SNOW HILL – The Worcester County Commissioners approved plans for a utility scale solar project in Whaleyville following a public hearing Tuesday.
The commissioners voted 6-0 to approve the Gateway Solar Project, a 15.6 megawatt (AC) system to be built by Community Energy Solar Inc. on agricultural property owned by Tull Brothers LLC.
“We anticipate construction in the summer of 2018,” said Tom Anderson of Community Energy.
Anderson told the commissioners that since 2008, his company had developed 700 megawatts of solar energy projects in 10 states. In Whaleyville, he said the company had agreed to a 30-year lease that would allow for the construction of 52,000 solar panels on 130 acres of a 425 acre site. The agriculturally zoned property, which currently consists of farm land and some forested area, is on the north side of Route 50 just west of the Route 90 off-ramp and the southerly side of Route 346 across from the intersection with Circle Road.
Anderson said construction of the panels would take roughly four to five months. After that, there will be very little daily activity at the site. Anderson expects site visits to take place monthly during the first year of operation and after that only quarterly.
Commissioner Merrill Lockfaw asked how many local contractors would be used during construction.
Anderson replied that 70 to 80 percent of construction personnel would be “local, meaning Eastern Shore regional.” When asked about how much grass cutting would take place on the site, Anderson said it was being seeded with a low maintenance prairie grass and would require little care. He said the minor maintenance that would occur, such as panel washing, would be done by local companies.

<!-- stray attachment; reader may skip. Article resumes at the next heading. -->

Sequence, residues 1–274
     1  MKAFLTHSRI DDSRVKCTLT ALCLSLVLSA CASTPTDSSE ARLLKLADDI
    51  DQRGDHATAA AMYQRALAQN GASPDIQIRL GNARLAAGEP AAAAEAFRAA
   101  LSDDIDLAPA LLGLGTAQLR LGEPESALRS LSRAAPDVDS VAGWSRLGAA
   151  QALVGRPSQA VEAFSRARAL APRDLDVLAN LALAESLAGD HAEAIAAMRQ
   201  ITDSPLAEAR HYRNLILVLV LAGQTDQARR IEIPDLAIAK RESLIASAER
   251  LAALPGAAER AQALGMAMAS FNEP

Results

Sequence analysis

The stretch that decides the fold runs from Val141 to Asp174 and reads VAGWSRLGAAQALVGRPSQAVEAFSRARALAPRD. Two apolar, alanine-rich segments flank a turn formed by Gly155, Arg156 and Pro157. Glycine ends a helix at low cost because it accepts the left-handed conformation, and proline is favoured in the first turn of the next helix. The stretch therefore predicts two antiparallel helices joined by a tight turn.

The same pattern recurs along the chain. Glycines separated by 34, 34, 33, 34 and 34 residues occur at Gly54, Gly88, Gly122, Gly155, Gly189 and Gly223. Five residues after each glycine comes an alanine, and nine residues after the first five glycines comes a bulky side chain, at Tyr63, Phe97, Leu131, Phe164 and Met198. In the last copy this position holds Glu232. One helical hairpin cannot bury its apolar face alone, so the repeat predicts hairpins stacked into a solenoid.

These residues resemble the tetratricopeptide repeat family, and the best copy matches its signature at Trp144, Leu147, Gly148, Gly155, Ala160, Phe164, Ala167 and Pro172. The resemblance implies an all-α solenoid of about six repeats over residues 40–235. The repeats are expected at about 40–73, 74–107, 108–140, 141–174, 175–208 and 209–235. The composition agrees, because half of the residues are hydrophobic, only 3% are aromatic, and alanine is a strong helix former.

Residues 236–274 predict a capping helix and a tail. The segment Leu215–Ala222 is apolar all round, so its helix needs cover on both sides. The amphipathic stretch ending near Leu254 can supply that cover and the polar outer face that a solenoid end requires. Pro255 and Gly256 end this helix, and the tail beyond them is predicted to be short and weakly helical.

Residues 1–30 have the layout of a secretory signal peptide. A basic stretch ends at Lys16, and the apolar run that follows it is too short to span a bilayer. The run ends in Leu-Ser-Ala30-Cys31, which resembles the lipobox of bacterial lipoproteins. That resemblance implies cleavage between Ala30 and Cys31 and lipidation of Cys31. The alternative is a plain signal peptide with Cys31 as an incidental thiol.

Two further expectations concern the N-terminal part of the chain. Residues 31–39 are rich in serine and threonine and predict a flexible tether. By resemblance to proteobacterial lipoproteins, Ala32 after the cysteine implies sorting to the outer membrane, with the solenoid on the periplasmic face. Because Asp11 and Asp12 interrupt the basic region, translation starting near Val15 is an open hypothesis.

Commissioners Ted Elder and Bud Church expressed concern regarding the screening of the solar panels.
Steve Engel of Vista Design said that there would be fencing and a line of trees installed to act as a buffer along Route 50.
“It’s close to totally blocked,” he said.
Other sides of the project will be screened by a vegetative buffer.
Commissioner Chip Bertino asked what would happen to the solar array if Community Energy decided to abandon the project at some point in the future. Anderson assured the commissioners that if that occurred his company would be responsible for removing the equipment and cleaning up the site.
“That’s in our lease and under (Maryland) Public Service Commission license conditions,” he said.